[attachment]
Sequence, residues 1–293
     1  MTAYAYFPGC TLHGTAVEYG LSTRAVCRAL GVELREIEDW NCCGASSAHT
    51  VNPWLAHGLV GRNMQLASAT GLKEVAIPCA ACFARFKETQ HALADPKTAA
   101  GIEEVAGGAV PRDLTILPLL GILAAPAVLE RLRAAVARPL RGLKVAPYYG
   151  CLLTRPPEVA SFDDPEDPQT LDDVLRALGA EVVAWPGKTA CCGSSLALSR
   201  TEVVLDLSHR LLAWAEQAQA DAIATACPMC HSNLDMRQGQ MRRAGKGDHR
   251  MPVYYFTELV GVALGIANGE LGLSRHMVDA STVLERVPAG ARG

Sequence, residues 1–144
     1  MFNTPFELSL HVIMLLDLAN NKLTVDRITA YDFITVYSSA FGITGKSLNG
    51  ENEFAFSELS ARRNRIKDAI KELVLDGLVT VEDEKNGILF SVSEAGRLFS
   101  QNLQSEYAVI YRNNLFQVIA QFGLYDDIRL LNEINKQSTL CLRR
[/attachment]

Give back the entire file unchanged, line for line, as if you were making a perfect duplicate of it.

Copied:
Sequence, residues 1–293
     1  MTAYAYFPGC TLHGTAVEYG LSTRAVCRAL GVELREIEDW NCCGASSAHT
    51  VNPWLAHGLV GRNMQLASAT GLKEVAIPCA ACFARFKETQ HALADPKTAA
   101  GIEEVAGGAV PRDLTILPLL GILAAPAVLE RLRAAVARPL RGLKVAPYYG
   151  CLLTRPPEVA SFDDPEDPQT LDDVLRALGA EVVAWPGKTA CCGSSLALSR
   201  TEVVLDLSHR LLAWAEQAQA DAIATACPMC HSNLDMRQGQ MRRAGKGDHR
   251  MPVYYFTELV GVALGIANGE LGLSRHMVDA STVLERVPAG ARG

Sequence, residues 1–144
     1  MFNTPFELSL HVIMLLDLAN NKLTVDRITA YDFITVYSSA FGITGKSLNG
    51  ENEFAFSELS ARRNRIKDAI KELVLDGLVT VEDEKNGILF SVSEAGRLFS
   101  QNLQSEYAVI YRNNLFQVIA QFGLYDDIRL LNEINKQSTL CLRR